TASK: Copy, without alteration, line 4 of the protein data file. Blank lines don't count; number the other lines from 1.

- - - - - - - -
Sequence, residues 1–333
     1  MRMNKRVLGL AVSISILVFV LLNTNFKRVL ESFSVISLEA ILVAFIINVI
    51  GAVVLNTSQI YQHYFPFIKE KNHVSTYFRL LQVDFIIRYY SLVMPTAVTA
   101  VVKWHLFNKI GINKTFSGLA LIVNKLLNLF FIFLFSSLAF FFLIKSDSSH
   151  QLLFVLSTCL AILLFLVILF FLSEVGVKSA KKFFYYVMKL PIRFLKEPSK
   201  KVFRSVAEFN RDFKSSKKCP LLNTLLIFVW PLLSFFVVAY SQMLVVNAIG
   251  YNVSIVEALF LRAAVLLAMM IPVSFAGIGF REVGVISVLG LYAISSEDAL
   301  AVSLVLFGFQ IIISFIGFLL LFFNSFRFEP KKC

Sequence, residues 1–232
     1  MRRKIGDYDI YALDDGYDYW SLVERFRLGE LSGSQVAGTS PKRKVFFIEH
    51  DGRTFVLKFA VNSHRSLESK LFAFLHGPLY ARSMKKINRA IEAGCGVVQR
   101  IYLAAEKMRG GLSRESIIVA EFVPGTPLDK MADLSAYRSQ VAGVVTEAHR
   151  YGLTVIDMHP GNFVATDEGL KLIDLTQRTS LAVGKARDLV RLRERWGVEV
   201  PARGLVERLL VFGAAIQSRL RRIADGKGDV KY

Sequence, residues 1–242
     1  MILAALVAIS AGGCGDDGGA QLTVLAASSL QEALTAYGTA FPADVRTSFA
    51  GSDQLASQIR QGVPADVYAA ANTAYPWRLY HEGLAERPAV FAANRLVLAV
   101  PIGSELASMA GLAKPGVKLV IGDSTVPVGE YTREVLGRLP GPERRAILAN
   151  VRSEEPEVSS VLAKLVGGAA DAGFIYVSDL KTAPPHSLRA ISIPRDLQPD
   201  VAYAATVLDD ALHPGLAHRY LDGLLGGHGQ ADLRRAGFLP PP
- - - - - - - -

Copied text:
   101  VVKWHLFNKI GINKTFSGLA LIVNKLLNLF FIFLFSSLAF FFLIKSDSSH